Arkansas City Traveler, July 16, 1884.

J. S. Danford, of notorious memory in connection with the old Merchants’ and Drovers’ Bank of Caldwell, is attempting to organize a bank at Independence, Oregon; and in response to an inquiry of a citizen of that place as to said J. S. D.’s previous record, the Caldwell Journal, among other pleasantries, founded on fact, says: He defrauded our citizens out of their hard-earned money in a manner that came near causing that gentleman to swing from the end of a rope. He spent the money of the old Merchants’ and Drovers’ Bank in keeping fast women, gambling, and drinking. We warn the people of Oregon against having anything to do with this man, or he will surely defraud them if they deposit their money with him.
Arkansas City Traveler, October 1, 1884.
Everybody in the country remembers Danford, the Caldwell banker, who stole a pile of money from his depositors a few years since. He has again come before the public, this time at Cheney, Washington Territory, where he stole $20,000, and skipped out to Victoria, B. C., from which place he openly defies his victims. He ought to be hung.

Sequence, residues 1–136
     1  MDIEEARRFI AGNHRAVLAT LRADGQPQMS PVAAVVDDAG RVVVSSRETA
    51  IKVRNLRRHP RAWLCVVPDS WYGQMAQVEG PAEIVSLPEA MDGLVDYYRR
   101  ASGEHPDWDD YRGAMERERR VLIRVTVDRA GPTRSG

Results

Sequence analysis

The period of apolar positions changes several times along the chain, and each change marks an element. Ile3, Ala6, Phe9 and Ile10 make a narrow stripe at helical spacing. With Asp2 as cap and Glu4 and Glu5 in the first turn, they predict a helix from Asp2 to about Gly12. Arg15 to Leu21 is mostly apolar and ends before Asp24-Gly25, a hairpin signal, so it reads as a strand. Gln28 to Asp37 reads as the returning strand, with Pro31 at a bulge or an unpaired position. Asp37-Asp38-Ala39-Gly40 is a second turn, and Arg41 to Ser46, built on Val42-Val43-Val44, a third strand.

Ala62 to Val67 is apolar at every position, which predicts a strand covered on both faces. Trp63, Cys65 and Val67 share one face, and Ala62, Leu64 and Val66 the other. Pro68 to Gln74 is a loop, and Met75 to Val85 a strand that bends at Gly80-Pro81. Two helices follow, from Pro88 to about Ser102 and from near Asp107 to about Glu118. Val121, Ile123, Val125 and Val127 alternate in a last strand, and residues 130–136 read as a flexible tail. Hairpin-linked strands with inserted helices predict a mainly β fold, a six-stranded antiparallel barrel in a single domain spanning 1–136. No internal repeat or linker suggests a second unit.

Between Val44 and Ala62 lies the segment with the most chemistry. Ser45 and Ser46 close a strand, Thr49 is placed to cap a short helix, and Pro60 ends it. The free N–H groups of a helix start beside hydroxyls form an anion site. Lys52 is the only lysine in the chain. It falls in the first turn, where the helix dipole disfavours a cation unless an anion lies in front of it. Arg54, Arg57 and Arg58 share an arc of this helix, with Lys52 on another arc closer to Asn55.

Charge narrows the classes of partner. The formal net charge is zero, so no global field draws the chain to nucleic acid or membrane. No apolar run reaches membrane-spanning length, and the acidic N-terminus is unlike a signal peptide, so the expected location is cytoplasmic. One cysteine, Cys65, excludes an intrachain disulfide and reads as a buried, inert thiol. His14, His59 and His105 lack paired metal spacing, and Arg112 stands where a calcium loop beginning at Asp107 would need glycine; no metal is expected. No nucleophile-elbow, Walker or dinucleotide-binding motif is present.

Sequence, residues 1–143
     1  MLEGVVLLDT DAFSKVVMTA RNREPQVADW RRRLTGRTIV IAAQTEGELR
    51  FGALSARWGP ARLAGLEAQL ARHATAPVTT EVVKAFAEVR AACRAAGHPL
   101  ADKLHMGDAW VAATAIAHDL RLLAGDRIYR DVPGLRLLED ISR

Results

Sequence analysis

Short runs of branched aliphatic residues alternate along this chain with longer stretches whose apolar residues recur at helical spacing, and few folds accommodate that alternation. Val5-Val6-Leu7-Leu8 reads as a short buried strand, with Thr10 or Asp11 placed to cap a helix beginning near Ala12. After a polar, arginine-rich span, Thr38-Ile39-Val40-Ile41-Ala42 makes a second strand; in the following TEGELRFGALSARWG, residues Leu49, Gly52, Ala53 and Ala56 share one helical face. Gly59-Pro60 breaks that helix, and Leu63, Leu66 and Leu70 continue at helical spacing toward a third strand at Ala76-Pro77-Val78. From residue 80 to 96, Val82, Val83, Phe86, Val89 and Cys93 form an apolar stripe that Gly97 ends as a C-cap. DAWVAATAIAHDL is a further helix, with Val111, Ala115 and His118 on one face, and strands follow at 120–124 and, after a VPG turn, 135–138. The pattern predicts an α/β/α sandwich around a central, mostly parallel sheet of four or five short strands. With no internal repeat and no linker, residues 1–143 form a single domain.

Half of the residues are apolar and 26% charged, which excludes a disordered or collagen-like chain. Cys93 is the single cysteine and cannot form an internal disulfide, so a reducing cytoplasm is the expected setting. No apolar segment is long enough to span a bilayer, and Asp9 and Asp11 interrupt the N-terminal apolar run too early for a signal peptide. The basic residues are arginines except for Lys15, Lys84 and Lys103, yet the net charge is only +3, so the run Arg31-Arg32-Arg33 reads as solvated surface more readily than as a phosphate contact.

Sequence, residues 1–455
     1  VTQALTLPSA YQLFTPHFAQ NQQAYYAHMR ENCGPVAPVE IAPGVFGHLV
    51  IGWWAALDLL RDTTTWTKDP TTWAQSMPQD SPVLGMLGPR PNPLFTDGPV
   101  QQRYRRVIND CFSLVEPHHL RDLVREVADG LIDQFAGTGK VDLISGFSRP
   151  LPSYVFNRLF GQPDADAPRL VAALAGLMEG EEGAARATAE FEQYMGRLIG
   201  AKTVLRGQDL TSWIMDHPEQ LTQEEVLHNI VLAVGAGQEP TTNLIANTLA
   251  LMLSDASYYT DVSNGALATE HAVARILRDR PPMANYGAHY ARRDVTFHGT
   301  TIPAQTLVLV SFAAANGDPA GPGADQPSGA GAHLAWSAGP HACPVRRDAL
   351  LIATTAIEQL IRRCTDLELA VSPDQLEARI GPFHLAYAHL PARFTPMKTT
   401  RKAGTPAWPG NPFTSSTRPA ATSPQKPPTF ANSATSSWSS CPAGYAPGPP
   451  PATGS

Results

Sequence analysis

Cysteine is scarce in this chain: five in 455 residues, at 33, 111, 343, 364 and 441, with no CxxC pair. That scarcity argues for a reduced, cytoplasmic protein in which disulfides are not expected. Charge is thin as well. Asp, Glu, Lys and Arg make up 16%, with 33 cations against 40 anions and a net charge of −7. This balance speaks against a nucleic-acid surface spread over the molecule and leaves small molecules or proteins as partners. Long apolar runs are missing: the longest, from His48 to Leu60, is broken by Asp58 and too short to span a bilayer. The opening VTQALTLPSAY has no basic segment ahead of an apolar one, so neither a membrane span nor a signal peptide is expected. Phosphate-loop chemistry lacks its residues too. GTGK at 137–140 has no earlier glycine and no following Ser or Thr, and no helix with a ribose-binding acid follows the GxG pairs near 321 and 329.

Arkansas City Traveler, October 1, 1884.
[From the Wichita Eagle.] It was rumored in town this morning that Dan Ainsworth, of Newton, who went off with the notorious Danford to start a bank in Washington territory, and which bank had promptly failed, had been hung by a mob of swindled depositors. We can’t understand how these people could be so green as to be picked up after J. M. Steele, of this city, published a full history of Danford’s doings in Kansas.
The March 8, 1882, issue of the Arkansas City Traveler had an ad listing nearly 300 lots in Arkansas City that C. M. Scott was offering for sale. The paper said that Scott was devoting his time and capital to the sheep business.
On May 3, 1882, the Traveler editor, Mr. Standley commented: “Messrs. Scott & Topliff have the boss sheep ranche in this section of country, with sheds and corrals for over 2,500 sheep as well as other conveniences erected at a cost of over $4,000.